I advise you to revise if you ache to be great
In an online world of daily and often by-the-minute production and publication, I am the novelist-at-heart who wants to produce only his best work and not let it be seen until it is utterly revised.
“But you have to get it out there: market it and spread the word,” the blogger in me beseeches. There is much daily infighting between him and the novelist.
“You can’t sell what the world doesn’t see repeatedly,” echo the voices of countless sale people I’ve met at networking events.
The retort comes quickly.
“If it’s not been carefully moulded and diligently reworked, it can’t be much good and shouldn’t be exposed to the light of day until such editing has occurred,” ring the voices of discontent from the writing workshop I attended with religious regularity in my 20s.
A voice of reason emerges from the past. “I can see both sides,” says the lingering influence of my editorial director at Citytv, a thoughtful, restless man who somehow managed to churn out the daily news at an alarming rate while maintaining a masterful standard of revision.
“The nature of writing news online is that it must be produced quickly and kept up-to-date,” he would have said. “At the same time, the writing must be high quality and factually accurate or you risk credibility, both personally and for your organization.”
“But I can see your point, Erich,” this sage voice would have allowed. “Unfortunately, we don’t produce fiction here.”
Not so quickly. I don’t like to go down without a fight. The whole point of revision is to make something memorable and unique. That is the eternal quest. If it is not carefully contemplated, artfully amended, scrupulously edited or otherwise modified, what good could it possibly do in the long run?
And there’s the point, in those last four words.
These days it’s not about the long run, evidently. In many online spaces – namely social media – it is the written equivalent of yelling loudly and often for the purpose of being seen and heard over everyone else’s profuse shouting: “Hey look at me. I’m three shades of orange with purple stripes. If you pay attention to me, you will somehow be instantly rewarded or blessed.”
The phrase “revise with passion and incisiveness” should be shouted just as loudly.
When I sit down to write, I view it as an opportunity to say something 1) impactful, 2) cohesive, 3) timely, and 4) entertaining.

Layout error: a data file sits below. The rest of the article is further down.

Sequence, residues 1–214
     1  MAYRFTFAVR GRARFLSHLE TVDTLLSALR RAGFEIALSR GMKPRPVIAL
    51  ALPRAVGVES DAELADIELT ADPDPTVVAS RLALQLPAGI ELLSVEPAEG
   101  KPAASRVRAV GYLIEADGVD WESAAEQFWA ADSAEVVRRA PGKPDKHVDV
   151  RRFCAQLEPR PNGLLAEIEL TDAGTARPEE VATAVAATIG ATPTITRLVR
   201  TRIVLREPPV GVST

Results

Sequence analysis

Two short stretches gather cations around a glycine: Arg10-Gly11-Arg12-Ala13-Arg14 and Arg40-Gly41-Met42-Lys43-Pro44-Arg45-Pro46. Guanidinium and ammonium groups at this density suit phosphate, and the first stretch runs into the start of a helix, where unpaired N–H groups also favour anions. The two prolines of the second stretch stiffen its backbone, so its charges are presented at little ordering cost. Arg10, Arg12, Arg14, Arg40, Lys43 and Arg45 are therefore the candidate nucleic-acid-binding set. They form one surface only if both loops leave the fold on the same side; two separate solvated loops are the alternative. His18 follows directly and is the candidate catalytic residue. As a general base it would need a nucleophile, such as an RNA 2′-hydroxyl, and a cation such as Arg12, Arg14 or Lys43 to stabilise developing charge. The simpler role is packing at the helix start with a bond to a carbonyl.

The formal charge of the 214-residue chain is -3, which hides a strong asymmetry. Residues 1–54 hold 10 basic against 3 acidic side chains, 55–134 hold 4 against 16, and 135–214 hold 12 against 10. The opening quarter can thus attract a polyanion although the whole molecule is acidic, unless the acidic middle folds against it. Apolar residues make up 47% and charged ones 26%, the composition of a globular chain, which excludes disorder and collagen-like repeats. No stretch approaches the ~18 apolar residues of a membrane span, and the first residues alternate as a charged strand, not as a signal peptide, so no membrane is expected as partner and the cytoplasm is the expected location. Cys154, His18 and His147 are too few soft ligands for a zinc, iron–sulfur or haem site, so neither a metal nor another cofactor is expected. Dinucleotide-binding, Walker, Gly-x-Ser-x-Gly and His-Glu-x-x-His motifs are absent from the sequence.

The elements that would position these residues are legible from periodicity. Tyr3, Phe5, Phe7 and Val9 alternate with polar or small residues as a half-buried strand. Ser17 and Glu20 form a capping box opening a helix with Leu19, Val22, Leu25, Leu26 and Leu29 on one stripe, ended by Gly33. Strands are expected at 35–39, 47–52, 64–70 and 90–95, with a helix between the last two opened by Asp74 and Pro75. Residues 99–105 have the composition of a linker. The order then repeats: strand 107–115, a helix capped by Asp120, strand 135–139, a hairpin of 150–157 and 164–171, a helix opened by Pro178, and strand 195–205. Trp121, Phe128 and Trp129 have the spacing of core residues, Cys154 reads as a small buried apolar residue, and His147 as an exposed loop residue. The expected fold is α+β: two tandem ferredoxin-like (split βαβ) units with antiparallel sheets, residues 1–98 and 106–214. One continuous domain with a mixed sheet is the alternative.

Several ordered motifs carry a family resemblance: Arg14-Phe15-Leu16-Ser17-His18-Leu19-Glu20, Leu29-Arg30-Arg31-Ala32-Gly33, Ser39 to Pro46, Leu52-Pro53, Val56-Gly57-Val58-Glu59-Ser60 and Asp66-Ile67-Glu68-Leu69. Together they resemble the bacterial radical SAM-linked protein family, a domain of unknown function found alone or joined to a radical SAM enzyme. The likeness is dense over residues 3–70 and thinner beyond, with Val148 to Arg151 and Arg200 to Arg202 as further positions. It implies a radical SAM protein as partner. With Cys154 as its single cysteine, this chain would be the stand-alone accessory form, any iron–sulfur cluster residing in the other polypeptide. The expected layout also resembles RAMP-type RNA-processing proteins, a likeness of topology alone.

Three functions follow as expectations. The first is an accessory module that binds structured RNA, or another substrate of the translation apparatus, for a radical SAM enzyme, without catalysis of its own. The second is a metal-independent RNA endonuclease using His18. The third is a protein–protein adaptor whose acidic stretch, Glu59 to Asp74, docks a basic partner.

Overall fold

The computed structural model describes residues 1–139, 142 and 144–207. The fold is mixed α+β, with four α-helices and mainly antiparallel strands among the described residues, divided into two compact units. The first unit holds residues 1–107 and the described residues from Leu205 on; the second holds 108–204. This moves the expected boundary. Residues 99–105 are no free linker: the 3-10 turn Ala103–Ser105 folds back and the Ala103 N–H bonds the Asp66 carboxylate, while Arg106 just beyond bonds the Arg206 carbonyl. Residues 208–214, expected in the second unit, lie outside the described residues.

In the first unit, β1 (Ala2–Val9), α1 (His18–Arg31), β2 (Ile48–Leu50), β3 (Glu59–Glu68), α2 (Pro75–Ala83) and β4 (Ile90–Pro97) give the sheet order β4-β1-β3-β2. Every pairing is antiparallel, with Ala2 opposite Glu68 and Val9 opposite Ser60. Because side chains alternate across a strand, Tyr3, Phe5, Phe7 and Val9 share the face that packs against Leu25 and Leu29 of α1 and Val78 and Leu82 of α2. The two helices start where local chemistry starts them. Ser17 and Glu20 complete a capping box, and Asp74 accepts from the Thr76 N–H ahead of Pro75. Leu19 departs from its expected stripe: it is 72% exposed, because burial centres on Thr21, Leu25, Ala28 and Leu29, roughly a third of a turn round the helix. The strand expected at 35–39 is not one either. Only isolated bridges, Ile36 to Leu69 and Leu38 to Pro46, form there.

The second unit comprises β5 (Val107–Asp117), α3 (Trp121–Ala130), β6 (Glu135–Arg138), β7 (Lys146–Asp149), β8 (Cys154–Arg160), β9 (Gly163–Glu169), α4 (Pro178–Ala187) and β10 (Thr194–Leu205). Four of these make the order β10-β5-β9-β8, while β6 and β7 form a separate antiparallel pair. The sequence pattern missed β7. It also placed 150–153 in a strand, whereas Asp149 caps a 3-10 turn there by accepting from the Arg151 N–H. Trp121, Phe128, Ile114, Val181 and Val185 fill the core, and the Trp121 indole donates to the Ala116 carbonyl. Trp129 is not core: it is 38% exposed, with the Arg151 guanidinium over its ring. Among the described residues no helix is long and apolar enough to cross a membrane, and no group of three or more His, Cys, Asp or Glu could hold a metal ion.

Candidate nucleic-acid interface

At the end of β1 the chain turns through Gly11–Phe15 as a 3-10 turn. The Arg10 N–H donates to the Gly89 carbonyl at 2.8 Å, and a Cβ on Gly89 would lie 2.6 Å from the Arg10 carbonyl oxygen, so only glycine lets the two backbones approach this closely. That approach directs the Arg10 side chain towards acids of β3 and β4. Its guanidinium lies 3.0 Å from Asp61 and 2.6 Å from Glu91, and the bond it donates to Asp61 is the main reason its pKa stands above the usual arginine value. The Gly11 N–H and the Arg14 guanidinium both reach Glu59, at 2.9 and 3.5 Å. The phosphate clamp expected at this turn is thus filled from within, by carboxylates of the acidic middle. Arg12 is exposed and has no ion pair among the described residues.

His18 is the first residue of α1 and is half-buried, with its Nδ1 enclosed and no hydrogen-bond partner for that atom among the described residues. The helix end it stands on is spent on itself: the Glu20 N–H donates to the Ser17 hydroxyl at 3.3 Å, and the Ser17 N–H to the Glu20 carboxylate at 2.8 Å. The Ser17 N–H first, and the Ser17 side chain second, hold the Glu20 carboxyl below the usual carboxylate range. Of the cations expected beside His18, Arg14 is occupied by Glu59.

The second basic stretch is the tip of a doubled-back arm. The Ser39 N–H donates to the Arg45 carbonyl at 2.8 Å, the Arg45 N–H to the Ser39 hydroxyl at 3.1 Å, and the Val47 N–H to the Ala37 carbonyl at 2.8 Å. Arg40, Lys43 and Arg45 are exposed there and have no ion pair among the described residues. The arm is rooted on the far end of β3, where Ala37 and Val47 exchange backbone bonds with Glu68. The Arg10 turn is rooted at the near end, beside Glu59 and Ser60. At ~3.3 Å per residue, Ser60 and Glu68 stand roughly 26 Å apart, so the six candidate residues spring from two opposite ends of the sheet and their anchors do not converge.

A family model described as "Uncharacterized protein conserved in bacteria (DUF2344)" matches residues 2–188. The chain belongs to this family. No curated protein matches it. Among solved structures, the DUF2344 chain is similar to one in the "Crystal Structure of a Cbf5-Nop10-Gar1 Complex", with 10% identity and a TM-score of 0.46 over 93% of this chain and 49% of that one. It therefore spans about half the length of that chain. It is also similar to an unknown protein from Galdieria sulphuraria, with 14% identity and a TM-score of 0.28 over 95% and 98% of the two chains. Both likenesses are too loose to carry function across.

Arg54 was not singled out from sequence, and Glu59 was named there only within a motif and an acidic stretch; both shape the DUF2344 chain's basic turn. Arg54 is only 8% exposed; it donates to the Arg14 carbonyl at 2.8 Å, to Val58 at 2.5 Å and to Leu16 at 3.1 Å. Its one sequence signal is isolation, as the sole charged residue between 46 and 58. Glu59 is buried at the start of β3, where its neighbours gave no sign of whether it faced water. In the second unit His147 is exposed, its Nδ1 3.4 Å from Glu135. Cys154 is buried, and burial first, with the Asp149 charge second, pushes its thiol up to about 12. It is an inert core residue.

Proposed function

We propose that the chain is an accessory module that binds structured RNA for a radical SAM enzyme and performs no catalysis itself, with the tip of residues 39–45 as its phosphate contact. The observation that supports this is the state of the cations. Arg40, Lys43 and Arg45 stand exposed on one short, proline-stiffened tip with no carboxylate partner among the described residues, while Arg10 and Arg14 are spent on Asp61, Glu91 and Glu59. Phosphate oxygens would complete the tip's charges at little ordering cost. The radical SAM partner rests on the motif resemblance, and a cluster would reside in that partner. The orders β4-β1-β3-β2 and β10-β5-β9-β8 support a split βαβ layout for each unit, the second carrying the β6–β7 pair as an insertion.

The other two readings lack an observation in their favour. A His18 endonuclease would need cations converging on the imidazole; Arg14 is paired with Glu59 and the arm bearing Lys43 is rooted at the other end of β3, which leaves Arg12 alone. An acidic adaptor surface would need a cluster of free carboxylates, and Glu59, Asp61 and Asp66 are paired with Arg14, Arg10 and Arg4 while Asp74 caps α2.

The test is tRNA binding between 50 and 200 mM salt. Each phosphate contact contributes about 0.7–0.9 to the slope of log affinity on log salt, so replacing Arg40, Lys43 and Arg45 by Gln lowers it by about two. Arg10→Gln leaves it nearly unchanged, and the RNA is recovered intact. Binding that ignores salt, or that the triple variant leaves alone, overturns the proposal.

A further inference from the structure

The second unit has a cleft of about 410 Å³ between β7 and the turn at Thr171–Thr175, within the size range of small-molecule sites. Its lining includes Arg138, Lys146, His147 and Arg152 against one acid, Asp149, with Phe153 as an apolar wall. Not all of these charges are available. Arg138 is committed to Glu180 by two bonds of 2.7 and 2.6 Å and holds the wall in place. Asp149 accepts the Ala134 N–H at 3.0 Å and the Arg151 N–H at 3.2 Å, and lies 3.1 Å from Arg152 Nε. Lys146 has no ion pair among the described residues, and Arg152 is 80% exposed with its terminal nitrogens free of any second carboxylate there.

How can I accomplish all of these things, and more if I’m lucky, if I don’t take the time and energy to remove the parts that are utter nonsense, and the sections that use too many words to make a point? What about word play that attempted to be creative but didn’t fit upon third and fourth readings? Never mind run-on sentences, improper use of punctuation, and paragraphs laden with syntax errors.
This stuff is so easy to get wrong – or simply not right enough – even to the gifted and experienced writer…
About these people, the rare breed, who can fashion sentences that exalt, tantalize, ignite and arouse us, they are who they are because they have taken the time to hone their craft and honour the language. They pay close attention to the details of speech, in the same way that a proud brew master observes the formation of his trademark lager or a devoted mechanic artfully tunes each engine he touches.
“Okay, so you’re not made for social media posting, or even news writing. We get it. Others do these things and do them well.” This may be the irritated response to my babbling on.
At this point I search for articles about the role of revision in online writing. I find little of note. So, I’m left to conclude that there’s a good reason for this dearth. There are many nuances involved in writing for an online audience but the requirement for revision is a constant from the olden days of dip pens and hand-bound books.
Revision is gruelling and maddening; that’s a given. Those who have spent a good deal of time doing it understand this. It’s simply not for those who would rather be doing anything but. Naturally there’s a reason behind the madness: striving for greatness. That’s difficult and it takes work.
Here’s some breaking news for anyone that doesn’t yet know: social media also is difficult and takes work. Yes, it’s also fun. However, you can’t ignore the time commitment and the reality that the overwhelming majority of what gets posted is disposable, trivial, and quickly forgotten.
Writing is supposed to be difficult because that’s what makes it unforgettable. I borrow from one of my favourite scenes in the film “A League of Their Own,” where Tom Hanks champions the value of baseball (my greatest summertime passion): “Baseball is what gets inside you. It’s what lights you up. You can’t deny that … It’s supposed to be hard. If it wasn’t hard everyone would be doing it. The hard is what makes it great.”
The message is simple: the amount of time and toil required to accomplish greatness hasn’t changed since the beginning of time. If you strive simply to be simply good enough, then revision may not be so crucial to you, at least in writing … hopefully not in life.
I revise, for businesses
So now you know that revising and editing are my are key part of my business. And my business is helping you and your company look good. Contact me to discuss how we can make this happen.